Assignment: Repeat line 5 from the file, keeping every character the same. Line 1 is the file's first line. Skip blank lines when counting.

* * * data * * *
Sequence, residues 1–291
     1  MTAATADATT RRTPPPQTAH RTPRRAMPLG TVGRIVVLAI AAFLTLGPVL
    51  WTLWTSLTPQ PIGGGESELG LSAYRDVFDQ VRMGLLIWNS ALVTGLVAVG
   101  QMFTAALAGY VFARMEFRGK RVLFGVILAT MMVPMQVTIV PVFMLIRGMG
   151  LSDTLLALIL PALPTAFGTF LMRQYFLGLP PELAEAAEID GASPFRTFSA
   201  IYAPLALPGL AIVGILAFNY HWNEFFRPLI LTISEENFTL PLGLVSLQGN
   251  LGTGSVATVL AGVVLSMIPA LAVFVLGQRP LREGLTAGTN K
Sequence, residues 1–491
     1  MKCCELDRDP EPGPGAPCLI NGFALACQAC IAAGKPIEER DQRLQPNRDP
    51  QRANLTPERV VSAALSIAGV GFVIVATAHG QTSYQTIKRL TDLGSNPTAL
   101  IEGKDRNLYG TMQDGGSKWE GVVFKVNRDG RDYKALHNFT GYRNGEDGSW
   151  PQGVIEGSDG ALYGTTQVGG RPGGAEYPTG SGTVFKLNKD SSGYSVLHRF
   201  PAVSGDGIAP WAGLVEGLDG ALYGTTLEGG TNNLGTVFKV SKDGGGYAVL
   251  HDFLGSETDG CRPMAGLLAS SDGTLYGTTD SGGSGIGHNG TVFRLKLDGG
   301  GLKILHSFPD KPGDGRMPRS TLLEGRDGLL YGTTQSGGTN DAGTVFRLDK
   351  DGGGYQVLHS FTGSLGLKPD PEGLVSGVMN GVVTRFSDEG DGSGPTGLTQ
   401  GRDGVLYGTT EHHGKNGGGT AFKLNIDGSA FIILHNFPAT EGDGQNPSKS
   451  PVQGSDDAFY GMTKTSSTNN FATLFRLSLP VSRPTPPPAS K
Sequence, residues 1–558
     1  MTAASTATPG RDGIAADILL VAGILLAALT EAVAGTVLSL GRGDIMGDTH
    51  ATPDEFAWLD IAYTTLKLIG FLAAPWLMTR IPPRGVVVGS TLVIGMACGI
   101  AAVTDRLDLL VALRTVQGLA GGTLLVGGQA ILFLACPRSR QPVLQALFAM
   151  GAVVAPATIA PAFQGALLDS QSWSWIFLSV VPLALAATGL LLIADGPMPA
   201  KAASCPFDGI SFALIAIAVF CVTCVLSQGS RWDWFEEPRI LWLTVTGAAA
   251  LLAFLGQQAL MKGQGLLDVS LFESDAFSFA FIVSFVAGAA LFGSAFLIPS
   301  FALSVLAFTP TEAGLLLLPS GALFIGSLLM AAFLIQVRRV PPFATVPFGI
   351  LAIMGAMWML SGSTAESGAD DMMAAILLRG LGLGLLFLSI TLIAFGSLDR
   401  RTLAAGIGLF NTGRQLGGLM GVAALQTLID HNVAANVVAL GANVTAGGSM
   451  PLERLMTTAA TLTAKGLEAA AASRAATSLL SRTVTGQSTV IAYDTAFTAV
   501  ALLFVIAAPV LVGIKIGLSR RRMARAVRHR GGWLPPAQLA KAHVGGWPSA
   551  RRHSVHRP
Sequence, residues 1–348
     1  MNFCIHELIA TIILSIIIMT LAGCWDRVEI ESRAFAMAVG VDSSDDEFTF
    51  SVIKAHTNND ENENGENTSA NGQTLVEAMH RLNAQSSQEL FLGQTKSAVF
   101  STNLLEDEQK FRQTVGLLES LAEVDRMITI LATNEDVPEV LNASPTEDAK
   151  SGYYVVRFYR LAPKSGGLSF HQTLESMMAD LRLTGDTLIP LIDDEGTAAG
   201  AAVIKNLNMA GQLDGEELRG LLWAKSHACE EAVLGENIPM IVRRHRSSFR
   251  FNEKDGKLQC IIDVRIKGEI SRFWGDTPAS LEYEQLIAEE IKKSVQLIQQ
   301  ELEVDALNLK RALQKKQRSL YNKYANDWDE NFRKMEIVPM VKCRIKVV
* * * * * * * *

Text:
   151  LSDTLLALIL PALPTAFGTF LMRQYFLGLP PELAEAAEID GASPFRTFSA